And Comfort gives no examples of how “scientism”, even as he construes it, has constrained our sense of self. He seems to give one example at the end of his piece (see below), but it’s unconvincing. In fact, one can make a good argument that the solving of social problems is in many cases a deeply empirical issue. Perhaps your ideas don’t come out of science per se, but from your own values and ethics. But then confecting solutions often requires empirical data. One example of the former is the idea that all people should be equal under the law, regardless of race, sex, or gender. But how do you fix things? Those decisions, like using busing or affirmative action or even demonstrating that unequal representation results from discrimination rather than unequal preferences, are empirical matters: does intervention X facilitate solution Y? That, I’d say, is “science construed broadly.”

Even immunology and information theory come in for a hit, since they somehow facilitate the discrimination between “self and nonself”, or make people seem like machines, in a socially inimical way. Look at the postmodernism on show here:

Across the arc of the past 150 years, we can see both science and scientism shaping human identity in many ways. Developmental psychology zeroed in on the intellect, leading to the transformation of IQ (intelligence quotient) from an educational tool into a weapon of social control. Immunology redefined the ‘self’ in terms of ‘non-self’. Information theory provided fresh metaphors that recast identity as residing in a text or a wiring diagram. More recently, cell and molecular studies have relaxed the borders of the self. Reproductive technology, genetic engineering and synthetic biology have made human nature more malleable, epigenetics and microbiology complicate notions of individuality and autonomy, and biotechnology and information technology suggest a world where the self is distributed, dispersed, atomized.

Yes, and so what? Where’s the scientism here? Certainly IQ was once used to keep foreigners out of the US and even sterilize women, but we don’t do that any more. As for the other stuff he mentions, that’s not scientism but science. The last sentence about the “atomized” self is pure nonsense.

And then Comfort calls on postmodernists (who aren’t of course scientists) to demonstrate the “deep entanglement of science and society”:

The immunological Plato was the Australian immunologist Frank MacFarlane Burnet. Burnet’s fashioning of immunology as the science of the self was a direct response to his reading of the philosopher Alfred North Whitehead. Tit for tat, social theorists from Jacques Derrida to Bruno Latour and Donna Haraway have leaned on immunological imagery and concepts in theorizing the self in society. The point is that scientific and social thought are deeply entangled, resonant, co-constructed. You can’t fully understand one without the other.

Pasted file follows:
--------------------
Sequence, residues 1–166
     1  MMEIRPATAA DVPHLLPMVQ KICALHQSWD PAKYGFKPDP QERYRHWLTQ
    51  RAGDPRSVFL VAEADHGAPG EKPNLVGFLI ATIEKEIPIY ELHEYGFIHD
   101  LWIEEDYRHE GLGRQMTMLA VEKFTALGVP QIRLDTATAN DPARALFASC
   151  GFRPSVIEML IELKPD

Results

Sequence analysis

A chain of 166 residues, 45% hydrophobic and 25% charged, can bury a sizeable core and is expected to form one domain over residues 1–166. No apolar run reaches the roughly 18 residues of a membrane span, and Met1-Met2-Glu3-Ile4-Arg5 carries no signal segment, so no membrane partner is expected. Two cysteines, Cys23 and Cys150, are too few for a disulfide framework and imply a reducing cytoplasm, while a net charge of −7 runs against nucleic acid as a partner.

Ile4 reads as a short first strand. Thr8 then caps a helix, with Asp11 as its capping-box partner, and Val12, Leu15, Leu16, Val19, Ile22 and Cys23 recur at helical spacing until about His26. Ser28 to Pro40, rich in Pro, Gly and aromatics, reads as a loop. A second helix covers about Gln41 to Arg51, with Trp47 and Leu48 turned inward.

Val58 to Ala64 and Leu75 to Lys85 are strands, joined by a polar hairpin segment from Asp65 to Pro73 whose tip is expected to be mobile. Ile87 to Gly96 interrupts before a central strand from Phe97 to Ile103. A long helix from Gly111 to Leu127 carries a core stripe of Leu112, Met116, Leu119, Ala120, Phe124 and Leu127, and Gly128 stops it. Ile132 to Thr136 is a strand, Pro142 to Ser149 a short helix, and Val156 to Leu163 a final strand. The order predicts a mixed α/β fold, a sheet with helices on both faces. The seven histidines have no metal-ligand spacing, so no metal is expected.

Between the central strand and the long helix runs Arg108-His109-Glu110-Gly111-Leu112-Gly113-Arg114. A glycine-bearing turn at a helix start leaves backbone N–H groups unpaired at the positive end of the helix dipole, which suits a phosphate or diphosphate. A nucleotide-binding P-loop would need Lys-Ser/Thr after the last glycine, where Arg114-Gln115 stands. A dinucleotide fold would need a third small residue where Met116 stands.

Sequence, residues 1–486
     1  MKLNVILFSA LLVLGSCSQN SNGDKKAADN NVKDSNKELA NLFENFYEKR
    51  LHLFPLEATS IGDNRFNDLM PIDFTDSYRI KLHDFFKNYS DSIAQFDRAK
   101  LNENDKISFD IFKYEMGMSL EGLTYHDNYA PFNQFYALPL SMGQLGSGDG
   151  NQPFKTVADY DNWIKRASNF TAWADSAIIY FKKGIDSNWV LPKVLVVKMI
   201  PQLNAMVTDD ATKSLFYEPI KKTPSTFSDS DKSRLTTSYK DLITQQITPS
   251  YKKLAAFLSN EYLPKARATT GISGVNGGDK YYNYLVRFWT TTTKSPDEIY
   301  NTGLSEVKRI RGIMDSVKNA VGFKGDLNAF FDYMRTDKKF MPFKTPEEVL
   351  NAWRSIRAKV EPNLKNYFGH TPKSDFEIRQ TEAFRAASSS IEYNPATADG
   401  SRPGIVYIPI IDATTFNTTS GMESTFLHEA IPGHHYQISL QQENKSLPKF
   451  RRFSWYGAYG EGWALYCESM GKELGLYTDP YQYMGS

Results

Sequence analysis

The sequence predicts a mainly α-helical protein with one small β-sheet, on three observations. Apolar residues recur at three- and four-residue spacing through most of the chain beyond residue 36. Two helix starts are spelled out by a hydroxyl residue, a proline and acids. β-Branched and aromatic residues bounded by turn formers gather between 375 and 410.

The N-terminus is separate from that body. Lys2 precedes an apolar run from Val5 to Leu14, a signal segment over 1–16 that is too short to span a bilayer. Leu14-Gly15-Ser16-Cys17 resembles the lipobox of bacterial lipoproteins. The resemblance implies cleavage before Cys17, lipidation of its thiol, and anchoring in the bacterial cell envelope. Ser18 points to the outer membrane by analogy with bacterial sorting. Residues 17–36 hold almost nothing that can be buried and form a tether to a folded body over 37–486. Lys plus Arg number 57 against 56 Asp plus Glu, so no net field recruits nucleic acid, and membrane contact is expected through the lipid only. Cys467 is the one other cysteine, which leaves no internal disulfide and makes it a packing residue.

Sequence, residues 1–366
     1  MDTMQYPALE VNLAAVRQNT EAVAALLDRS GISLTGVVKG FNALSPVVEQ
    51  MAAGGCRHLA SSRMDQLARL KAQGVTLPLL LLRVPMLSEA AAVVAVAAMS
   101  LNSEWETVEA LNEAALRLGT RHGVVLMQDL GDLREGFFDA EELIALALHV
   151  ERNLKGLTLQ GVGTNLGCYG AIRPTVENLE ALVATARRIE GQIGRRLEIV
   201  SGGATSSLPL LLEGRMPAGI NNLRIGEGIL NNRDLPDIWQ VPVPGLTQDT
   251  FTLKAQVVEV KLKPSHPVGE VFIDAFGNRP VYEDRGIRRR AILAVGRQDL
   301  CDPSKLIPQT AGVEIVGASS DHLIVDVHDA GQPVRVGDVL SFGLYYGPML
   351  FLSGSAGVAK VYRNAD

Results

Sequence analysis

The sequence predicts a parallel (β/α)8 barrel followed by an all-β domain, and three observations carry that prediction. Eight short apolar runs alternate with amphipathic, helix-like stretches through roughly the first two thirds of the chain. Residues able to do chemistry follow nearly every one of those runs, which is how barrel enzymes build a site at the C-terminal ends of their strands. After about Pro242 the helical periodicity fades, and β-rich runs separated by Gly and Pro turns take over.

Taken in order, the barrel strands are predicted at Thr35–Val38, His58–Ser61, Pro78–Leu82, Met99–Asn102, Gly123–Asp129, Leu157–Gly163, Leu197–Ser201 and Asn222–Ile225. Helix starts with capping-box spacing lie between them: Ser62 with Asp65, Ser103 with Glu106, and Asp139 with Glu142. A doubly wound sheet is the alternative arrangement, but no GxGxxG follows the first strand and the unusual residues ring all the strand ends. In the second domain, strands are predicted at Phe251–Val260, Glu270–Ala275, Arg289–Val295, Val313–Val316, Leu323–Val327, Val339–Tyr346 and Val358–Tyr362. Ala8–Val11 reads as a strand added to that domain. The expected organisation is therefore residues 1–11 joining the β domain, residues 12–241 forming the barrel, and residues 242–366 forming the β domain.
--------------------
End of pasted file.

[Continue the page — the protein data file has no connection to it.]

The last bit isn’t really true. Yes, some scientific problems arise in a social milieu, which is trivial, but the truth or falsity of scientific findings themselves is absolutely independent of society. And, as reader Vampyricon noted when calling this article to my attention, “Comfort also leans on the postmodernist myth of science as being focused on dominating nature, a claim that reminds one of Luce Irigaray’s claim that Newton’s Principia is a rape manual.”

At the end, Comfort disses rationality again, because, after all, those who promulgated Enlightenment values were “university-educated men who were not disabled”, and, as Vampyricon noted, wanted to “dominate nature.” Here Comfort mixes postmodernism with wokeness. If any two things are deeply entangled, it’s not science and society, but wokeness and postmodernism, both afflicted with the idea that truths are not empirical and determined by consensus, but personal and validated by feelings:

Yet there is a fruit fly in the ointment. Most of these Age-of-Reason notions of identity, and the dominant sci-fi scenarios of post-human futures, have been developed by university-educated men who were not disabled, and who hailed from the middle and upper classes of wealthy nations of the global north. Their ideas reflect not only the findings but also the values of those who have for too long commanded the science system: positivist, reductionist and focused on dominating nature. Those who control the means of sequence production get to write the story.

That has begun to change. Although there is far to go, greater attention to equity, inclusion and diversity has already profoundly shaped thinking about disease, health and what it means to be human. . .